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the coast around cumbria and lancashire for a new series of the bbc�*s winter walks. all uk adults are to be offered a covid boosterjab as part of the effort to tackle the new omicron variant. priority will still be given to older patients and those who are more vulnerable to coronavirus. let's speak to dr nighat arif. good morning, lovely to have you on the programme again, haven't seen you for a while. let's talk about this booster programme. how do you feel about it and are you slightly daunted about how much extra work it is going to be? where are you standing?— is going to be? where are you standin: ? , , . , , standing? this is a very good news sto , we standing? this is a very good news story. we were _ standing? this is a very good news story, we were hoping _ standing? this is a very good news story, we were hoping that - standing? this is a very good news story, we were hoping that the - story, we were hoping that the booster programme will be rolled out. we are already vaccinating 40—year—olds and above, now it is 18 to 39. the reduction time has happened between the second dose, it
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was six months, now it's happened between the second dose, it was six months, now its three months. but there will also be childhood immunisation and a covid vaccine has altered there, so 12—year—olds will get the second dose and then hopefully they will be given a boost as well. in amongst all of that, we have got the compromised communities, the immunocompromised, those who are on immunosuppressants, orwho immunocompromised, those who are on immunosuppressants, or who have had a chance —— transplant, they will get a third primary dose and then a fourth booster dose but we still are waiting to hear the timeline for that. in regards to being daunted, actually we are well versed to rolling out vaccination programmes. we know there is not an issue with snooty, we know there is not an issue with supply, we have enough vaccine, it is trying to get the people through. as always because the nhs is battling and bursting at the seams, we have other health care provision is that we are providing and then we have a workforce issue. it is the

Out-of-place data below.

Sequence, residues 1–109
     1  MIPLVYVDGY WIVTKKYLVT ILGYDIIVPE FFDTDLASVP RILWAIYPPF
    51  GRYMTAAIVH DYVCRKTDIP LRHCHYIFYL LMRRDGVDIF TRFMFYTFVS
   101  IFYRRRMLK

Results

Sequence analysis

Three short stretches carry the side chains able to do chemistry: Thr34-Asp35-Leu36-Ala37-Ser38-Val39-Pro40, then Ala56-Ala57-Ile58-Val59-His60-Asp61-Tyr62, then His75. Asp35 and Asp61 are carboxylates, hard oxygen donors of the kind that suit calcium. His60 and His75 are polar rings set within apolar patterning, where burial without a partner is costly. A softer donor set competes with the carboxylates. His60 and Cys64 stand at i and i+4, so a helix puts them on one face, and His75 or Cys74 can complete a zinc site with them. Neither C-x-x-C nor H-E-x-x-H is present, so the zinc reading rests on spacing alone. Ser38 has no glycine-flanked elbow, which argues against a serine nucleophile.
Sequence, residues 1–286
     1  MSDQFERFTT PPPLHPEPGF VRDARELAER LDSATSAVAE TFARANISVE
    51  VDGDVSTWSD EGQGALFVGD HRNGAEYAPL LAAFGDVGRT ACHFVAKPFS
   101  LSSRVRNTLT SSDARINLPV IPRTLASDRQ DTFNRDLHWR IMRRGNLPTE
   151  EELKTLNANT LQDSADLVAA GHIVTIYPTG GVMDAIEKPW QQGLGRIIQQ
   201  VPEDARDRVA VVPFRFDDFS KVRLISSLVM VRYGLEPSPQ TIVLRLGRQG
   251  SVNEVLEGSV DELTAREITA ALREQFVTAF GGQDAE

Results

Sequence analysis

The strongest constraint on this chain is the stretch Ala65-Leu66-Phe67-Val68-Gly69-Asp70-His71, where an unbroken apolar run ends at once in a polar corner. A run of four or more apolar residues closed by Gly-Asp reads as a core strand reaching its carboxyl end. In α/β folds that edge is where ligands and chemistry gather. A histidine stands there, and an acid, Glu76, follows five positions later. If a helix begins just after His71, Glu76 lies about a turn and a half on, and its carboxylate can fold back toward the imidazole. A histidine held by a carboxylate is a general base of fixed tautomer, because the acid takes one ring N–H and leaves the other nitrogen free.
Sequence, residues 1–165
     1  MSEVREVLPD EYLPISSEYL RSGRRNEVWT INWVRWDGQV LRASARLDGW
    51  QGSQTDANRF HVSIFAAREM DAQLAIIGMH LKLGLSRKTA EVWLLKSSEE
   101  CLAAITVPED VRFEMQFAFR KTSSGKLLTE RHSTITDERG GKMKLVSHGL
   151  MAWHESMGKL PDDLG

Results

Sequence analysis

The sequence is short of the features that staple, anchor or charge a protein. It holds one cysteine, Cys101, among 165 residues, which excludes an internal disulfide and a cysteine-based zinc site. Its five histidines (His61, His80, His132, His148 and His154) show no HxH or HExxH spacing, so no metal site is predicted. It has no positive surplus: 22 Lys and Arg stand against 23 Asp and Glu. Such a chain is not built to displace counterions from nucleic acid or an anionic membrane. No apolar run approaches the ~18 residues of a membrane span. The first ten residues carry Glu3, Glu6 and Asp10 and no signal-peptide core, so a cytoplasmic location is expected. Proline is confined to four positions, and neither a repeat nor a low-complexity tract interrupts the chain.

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health care professionals on the ground. the vaccination programme is bolstered by these amazing volunteers, i call them the angels and the yellow jackets, volunteers, i call them the angels and the yellowjackets, because come rain or shine, they were there hurrying people along, making sure the safety precautions were in place and making sure it was done in a safe manner as possible. a huge task was something i think we are capable doing. was something i think we are capable doinu. a , was something i think we are capable doin., , , , was something i think we are capable doing. many people will be watching this morning — doing. many people will be watching this morning thinking, _ doing. many people will be watching this morning thinking, 0k, - doing. many people will be watching this morning thinking, ok, i'm - doing. many people will be watching this morning thinking, ok, i'm nowl this morning thinking, ok, i'm now eligible to get a jab, what do i do? the steps remain the same? what should people go who think they can apply for it? the should people go who think they can a--l forit? , ,, should people go who think they can apply for it?— apply for it? the steps remain the same, we apply for it? the steps remain the same. we are _ apply for it? the steps remain the same, we are still— apply for it? the steps remain the same, we are still going - apply for it? the steps remain the same, we are still going through i apply for it? the steps remain the. same, we are still going through by age categories, go on to the nhs website, put in your nhs number and your date of birth and they will say when you are eligible. if you have just tested positive for covid—19 or you have had symptoms, you need to allow four weeks before you go and
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have a child. the biggest thing that we have got his hesitancy. it is a global issue. injune at the g7 summit, there was a group of doctors trying to tackle this information and vaccine hesitancy. it is that we are not safe until everyone is vaccinated. as well as supply issues, the fact that we still have hesitancy, i am still hearing, do i really need a booster? yes, please go and get vaccinated. this is one of the tools that we are using to make sure that we do not have a timeline. now more than ever the public health measures are so important. i would like the masks extended further than transport and shops, i would like it mandatory everywhere but i do not run the country! make sure that you are hand